Oxalis corniculata

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Oxalis corniculata
Oxalis habit lat.jpg
Scientific classification
Kingdom: Plantae
(unranked): Angiosperms
(unranked): Eudicots
(unranked): Rosids
Order: Oxalidales
Family: Oxalidaceae
Genus: Oxalis
Species: O. corniculata
Binomial name
Oxalis corniculata
L.
Purple leafed variety.

Oxalis corniculata, the creeping woodsorrel, also called procumbent yellow-sorrel or sleeping beauty, resembles the common yellow woodsorrel, Oxalis stricta. It is a somewhat delicate-appearing, low-growing, herbaceous plant in the family Oxalidaceae. It has a narrow, creeping stem that readily roots at the nodes. The trifoliate leaves are subdivided into three rounded leaflets and resemble a clover in shape. Some varieties have green leaves, while others, like Oxalis corniculata var. atropurpurea, have purple. The leaves have inconspicuous stipules at the base of each petiole.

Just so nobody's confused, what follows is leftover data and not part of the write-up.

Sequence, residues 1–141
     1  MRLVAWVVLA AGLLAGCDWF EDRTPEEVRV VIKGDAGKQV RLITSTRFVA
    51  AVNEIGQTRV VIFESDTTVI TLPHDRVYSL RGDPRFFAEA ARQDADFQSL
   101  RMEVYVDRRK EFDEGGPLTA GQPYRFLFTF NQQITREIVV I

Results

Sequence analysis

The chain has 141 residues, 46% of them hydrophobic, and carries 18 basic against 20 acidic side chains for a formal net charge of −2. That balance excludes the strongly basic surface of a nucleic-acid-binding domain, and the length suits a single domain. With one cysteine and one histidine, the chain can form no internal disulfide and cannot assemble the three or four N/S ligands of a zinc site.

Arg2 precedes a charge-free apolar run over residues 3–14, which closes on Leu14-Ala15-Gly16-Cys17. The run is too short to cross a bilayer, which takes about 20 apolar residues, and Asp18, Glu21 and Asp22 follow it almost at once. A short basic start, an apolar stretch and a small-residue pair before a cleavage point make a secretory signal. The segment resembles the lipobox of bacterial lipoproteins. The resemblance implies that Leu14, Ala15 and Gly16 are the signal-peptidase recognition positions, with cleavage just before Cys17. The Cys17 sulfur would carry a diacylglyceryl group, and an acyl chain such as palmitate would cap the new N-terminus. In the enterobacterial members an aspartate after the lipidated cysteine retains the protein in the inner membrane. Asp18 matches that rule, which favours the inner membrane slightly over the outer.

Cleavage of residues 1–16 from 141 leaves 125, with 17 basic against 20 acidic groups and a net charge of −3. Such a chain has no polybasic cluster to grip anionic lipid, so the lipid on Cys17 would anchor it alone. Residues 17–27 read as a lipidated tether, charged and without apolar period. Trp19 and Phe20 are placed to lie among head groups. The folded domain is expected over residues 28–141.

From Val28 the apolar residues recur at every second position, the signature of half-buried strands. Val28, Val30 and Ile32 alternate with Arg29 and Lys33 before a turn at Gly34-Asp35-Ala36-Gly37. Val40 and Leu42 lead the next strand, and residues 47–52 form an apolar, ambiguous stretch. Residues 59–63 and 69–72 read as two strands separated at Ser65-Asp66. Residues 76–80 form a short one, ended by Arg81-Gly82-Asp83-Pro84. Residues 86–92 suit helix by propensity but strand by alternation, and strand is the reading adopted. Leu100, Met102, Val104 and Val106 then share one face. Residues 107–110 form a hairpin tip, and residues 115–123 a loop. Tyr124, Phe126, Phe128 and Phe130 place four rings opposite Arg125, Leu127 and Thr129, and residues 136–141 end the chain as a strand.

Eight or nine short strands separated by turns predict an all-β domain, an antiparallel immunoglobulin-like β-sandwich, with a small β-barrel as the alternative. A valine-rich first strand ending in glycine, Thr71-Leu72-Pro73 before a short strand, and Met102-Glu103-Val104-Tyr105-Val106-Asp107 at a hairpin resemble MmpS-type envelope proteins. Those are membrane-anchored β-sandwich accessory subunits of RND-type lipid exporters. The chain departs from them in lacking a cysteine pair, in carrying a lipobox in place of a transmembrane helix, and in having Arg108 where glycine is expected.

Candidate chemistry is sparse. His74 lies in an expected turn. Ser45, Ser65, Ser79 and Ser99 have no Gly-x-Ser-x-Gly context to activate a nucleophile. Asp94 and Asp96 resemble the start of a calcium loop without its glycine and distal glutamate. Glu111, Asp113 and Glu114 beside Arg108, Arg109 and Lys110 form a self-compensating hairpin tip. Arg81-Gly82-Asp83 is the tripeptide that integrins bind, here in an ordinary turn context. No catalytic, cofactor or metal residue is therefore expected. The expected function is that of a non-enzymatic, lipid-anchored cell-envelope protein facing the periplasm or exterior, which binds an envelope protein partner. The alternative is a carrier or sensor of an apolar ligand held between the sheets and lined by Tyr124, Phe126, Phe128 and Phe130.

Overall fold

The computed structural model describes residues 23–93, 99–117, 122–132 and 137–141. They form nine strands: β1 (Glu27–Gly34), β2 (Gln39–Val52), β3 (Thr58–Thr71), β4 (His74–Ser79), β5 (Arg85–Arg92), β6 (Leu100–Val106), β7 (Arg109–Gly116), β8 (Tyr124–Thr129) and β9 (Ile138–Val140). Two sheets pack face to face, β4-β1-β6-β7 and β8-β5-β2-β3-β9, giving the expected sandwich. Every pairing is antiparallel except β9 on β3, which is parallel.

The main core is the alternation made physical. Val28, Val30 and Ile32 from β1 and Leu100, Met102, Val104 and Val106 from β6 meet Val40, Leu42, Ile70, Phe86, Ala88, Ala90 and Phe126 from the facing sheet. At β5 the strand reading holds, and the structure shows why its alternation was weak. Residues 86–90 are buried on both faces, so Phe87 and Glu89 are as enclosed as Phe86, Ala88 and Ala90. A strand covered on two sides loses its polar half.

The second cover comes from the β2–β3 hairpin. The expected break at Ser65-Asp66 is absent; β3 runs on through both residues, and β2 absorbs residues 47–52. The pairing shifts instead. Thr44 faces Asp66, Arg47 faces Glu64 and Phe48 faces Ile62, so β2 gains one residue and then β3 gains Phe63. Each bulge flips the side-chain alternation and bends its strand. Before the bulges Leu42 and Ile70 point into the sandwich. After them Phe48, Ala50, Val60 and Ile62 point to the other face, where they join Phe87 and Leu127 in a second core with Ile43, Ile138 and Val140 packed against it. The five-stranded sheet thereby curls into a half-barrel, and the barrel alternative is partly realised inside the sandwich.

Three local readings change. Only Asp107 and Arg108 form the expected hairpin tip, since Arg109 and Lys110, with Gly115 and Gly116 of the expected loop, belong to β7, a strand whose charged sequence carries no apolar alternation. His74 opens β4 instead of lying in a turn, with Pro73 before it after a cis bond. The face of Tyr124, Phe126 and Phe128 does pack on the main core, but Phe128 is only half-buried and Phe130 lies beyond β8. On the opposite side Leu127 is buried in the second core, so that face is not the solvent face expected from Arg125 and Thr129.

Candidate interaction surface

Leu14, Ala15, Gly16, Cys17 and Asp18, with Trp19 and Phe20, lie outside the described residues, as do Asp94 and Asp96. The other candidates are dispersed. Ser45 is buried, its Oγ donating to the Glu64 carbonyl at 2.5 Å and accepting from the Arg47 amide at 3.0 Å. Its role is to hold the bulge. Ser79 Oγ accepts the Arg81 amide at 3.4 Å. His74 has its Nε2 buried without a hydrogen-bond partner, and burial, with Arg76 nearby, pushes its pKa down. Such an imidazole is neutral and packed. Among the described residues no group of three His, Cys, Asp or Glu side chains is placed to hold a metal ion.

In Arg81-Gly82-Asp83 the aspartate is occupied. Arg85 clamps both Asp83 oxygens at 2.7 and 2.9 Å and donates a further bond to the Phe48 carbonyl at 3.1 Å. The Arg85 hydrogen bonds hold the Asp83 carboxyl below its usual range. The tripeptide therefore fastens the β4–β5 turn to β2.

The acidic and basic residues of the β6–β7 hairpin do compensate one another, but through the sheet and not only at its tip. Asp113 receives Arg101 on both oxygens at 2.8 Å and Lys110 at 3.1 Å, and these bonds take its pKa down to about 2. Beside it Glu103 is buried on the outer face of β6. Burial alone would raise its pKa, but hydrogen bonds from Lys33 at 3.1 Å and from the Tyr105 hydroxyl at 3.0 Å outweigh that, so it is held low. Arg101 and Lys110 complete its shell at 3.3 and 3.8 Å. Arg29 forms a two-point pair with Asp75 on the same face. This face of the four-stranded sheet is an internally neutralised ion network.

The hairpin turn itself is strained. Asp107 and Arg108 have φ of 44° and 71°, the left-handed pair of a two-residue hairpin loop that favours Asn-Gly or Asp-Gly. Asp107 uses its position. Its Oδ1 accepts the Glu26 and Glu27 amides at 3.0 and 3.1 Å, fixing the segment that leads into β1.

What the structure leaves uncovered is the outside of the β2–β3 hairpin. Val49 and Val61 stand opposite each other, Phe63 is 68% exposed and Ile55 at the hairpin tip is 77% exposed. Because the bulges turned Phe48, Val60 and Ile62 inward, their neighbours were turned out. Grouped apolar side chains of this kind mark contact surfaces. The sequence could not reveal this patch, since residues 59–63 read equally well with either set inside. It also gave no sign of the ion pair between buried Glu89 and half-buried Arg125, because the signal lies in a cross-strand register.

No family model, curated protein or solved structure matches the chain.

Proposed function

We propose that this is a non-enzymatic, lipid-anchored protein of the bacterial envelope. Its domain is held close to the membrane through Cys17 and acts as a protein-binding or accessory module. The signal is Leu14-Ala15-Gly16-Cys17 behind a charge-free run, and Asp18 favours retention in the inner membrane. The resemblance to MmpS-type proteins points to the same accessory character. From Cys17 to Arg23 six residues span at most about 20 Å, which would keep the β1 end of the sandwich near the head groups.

The fruit is a narrow, cylindrical capsule, 1 to 2 cm long and noteworthy for its explosive discharge of the contained, 1 mm long seeds.

Distribution[edit]

This species is cosmopolitan in its distribution, and its place of origin is unknown, but it is considered an Old World plant. It is regarded as weed in gardens,[1] agricultural fields, and lawns.[2]

Uses[edit]

The leaves of wood sorrel are quite edible, with a tangy taste of lemons. A drink can be made by infusing the leaves in hot water for about 10 minutes, sweetening and then chilling.[3] The entire plant is rich in vitamin C. Any wood sorrel is safe in low dosages, but if eaten in large quantities over a length of time can inhibit calcium absorption by the body.[3]

In India, where the plant is known as chichoda bhaji (approximately "earthalmond greens"), it is only eaten seasonally, starting around December.

References[edit]

  1. ^ Hackney, P. 1992. Stewart & Corry's Flora of the North-east of Ireland. Institute of Irish Studies The Queen's University of Belfast.
  2. ^ UC Davis IPM
  3. ^ a b Lee Allen Peterson, Edible Wild Plants, Houghton Mifflin Company, New York City (1977), p. 104.

External links[edit]